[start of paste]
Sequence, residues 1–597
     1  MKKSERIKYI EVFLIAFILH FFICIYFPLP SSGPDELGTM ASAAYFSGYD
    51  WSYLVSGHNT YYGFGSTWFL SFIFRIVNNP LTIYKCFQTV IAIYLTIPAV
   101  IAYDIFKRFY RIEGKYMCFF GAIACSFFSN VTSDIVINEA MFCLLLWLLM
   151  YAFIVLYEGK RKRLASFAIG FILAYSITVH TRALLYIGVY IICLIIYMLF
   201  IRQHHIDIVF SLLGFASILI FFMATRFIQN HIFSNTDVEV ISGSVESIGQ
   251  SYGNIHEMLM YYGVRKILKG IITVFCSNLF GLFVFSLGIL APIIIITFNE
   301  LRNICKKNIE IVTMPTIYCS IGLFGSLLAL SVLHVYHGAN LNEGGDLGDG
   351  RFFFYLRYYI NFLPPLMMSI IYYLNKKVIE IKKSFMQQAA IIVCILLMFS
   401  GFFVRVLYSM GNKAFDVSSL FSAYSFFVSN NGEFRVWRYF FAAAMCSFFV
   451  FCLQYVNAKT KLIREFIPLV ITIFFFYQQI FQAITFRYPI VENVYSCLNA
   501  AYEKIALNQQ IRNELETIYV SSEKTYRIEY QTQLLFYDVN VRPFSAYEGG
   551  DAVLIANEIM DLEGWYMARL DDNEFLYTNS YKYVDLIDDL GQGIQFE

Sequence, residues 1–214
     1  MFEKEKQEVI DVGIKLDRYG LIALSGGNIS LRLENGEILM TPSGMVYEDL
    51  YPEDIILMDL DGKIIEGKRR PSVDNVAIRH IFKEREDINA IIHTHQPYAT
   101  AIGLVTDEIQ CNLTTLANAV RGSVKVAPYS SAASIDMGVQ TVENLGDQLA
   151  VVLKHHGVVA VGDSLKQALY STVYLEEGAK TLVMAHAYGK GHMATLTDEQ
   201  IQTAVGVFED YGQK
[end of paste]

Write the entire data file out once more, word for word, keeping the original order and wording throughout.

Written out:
Sequence, residues 1–597
     1  MKKSERIKYI EVFLIAFILH FFICIYFPLP SSGPDELGTM ASAAYFSGYD
    51  WSYLVSGHNT YYGFGSTWFL SFIFRIVNNP LTIYKCFQTV IAIYLTIPAV
   101  IAYDIFKRFY RIEGKYMCFF GAIACSFFSN VTSDIVINEA MFCLLLWLLM
   151  YAFIVLYEGK RKRLASFAIG FILAYSITVH TRALLYIGVY IICLIIYMLF
   201  IRQHHIDIVF SLLGFASILI FFMATRFIQN HIFSNTDVEV ISGSVESIGQ
   251  SYGNIHEMLM YYGVRKILKG IITVFCSNLF GLFVFSLGIL APIIIITFNE
   301  LRNICKKNIE IVTMPTIYCS IGLFGSLLAL SVLHVYHGAN LNEGGDLGDG
   351  RFFFYLRYYI NFLPPLMMSI IYYLNKKVIE IKKSFMQQAA IIVCILLMFS
   401  GFFVRVLYSM GNKAFDVSSL FSAYSFFVSN NGEFRVWRYF FAAAMCSFFV
   451  FCLQYVNAKT KLIREFIPLV ITIFFFYQQI FQAITFRYPI VENVYSCLNA
   501  AYEKIALNQQ IRNELETIYV SSEKTYRIEY QTQLLFYDVN VRPFSAYEGG
   551  DAVLIANEIM DLEGWYMARL DDNEFLYTNS YKYVDLIDDL GQGIQFE

Sequence, residues 1–214
     1  MFEKEKQEVI DVGIKLDRYG LIALSGGNIS LRLENGEILM TPSGMVYEDL
    51  YPEDIILMDL DGKIIEGKRR PSVDNVAIRH IFKEREDINA IIHTHQPYAT
   101  AIGLVTDEIQ CNLTTLANAV RGSVKVAPYS SAASIDMGVQ TVENLGDQLA
   151  VVLKHHGVVA VGDSLKQALY STVYLEEGAK TLVMAHAYGK GHMATLTDEQ
   201  IQTAVGVFED YGQK